The district received 35 charter applications in November. Fourteen were approved, 10 remain in the pipeline, and the staff is recommending rejection of 11 of the applications, McNair said.

Caprice Young, former school board president, who heads up the California Charter Schools Association, said charter satisfaction among parents, students and teachers is forcing the LAUSD to compete.

"What we're already seeing is, because of charter schools, the teachers union and district for the first time are willing to consider flexibility," Young said.

School board President Marlene Canter said the board's intent is not to curb the growth of charters but to move toward greater autonomy of all schools.

"We are going to use it as a model and learn from it and look at some of the other schools to make sure they attract families from their neighborhoods," Canter said. "We're definitely moving in the direction of creating partnerships for reform, and that takes time."

Duffy argues that district officials' moves are timid at best.

The union leader said they should attack the issue aggressively because 100 of the 750 schools are now charters, and more charter applications are in the pipeline.

In fact, he said he believes that his proposal to give all schools many freedoms like those of charter schools, but without the burden of self-management, will appeal to teachers, slow the increase of charters and eventually reverse the trend.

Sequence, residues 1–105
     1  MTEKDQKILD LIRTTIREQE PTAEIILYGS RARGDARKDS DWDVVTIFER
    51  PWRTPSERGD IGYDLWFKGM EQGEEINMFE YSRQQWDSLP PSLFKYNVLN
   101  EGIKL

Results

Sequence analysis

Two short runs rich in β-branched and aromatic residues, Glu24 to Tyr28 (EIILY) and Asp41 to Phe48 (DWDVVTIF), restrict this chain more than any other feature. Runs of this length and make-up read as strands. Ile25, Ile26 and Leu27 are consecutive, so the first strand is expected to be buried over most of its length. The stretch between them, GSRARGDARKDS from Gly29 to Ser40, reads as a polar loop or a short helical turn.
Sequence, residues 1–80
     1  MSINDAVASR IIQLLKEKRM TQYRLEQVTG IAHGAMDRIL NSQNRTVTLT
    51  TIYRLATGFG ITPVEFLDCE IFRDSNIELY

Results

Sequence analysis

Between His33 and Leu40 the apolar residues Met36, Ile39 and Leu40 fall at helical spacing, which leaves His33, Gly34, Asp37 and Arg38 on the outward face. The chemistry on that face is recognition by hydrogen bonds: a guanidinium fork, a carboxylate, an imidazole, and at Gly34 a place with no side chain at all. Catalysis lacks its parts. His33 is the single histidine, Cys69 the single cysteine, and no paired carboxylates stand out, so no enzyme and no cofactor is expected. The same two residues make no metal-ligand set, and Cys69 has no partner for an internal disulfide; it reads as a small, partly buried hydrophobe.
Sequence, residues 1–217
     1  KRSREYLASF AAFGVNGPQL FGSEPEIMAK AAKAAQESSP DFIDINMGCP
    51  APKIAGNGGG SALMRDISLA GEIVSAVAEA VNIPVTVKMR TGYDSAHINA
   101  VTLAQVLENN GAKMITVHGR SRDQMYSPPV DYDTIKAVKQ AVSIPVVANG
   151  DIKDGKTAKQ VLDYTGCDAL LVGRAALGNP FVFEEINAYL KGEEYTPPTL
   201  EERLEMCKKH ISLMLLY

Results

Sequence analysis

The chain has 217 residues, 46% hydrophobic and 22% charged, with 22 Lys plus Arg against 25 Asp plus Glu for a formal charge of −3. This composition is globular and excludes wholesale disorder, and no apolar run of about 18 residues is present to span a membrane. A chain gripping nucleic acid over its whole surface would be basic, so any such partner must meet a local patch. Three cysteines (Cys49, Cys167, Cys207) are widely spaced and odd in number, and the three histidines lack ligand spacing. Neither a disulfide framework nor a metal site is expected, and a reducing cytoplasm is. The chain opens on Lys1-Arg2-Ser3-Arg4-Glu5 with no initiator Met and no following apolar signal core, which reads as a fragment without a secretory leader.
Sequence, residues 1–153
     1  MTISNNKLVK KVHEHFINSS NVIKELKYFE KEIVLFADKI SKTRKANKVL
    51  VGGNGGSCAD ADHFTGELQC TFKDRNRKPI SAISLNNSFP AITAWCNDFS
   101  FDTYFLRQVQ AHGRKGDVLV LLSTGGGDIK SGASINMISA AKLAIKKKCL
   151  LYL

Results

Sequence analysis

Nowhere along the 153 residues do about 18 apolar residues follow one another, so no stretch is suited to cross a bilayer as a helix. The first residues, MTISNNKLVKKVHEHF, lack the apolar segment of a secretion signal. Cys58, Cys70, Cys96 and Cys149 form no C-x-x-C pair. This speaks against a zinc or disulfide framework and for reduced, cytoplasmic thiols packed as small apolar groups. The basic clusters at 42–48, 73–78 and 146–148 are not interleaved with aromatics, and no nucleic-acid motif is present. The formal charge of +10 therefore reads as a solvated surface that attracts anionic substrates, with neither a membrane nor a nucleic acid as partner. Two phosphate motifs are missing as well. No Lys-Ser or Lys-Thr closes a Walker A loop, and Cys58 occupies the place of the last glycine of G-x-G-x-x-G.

Charters simply drain the general fund of money without necessarily producing greater academic achievement than traditional public schools, he said.

"I'm very concerned. The district is afraid to be bold and innovative because they're afraid of giving up the power and authority to local school sites," he said. "But we're not going to stop, and they need to know that," Duffy said.

In his reform package, Villaraigosa not only calls for the significant growth of charter schools, but also for giving other schools greater local control.

"Mayor Villaraigosa believes schools need local control in order to succeed," said spokeswoman Janelle Erickson. "We need to decentralize the bureaucracy, giving more decision-making power to principals, teachers and parents so they can shape their school to fit the unique needs of their students and children."

But Romer said he has no interest in making Parkman a pilot program for a counter-charter movement. He said his goal is simply to address the school's challenges.

He emphasized he does not favor autonomy at the school site. "I'm interested in solving the problems Parkman faces. You don't need to change governance out there," Romer said. "I'm not interested in making Parkman an illustration of a new form of school."

He did, however, admit that the district must address the issue of negative impact on schools that lose students to nearby charters, but he didn't elaborate on any plans.

"When you have a proliferation of charters where you're undermining a public school, I don't like that," Romer said. "It seems to me when you're creating charters, you ought to look at the degree they're undermining existing schools, and we ought to address that at some point."

It's time for the LAUSD to move toward "diversifying its portfolio" by offering different approaches to curriculum and instruction, said Penny Wohlstetter, a professor at the University of Southern California and co-director of its Center on Educational Governance. While centralized approaches work at some schools, they don't work for all, she said.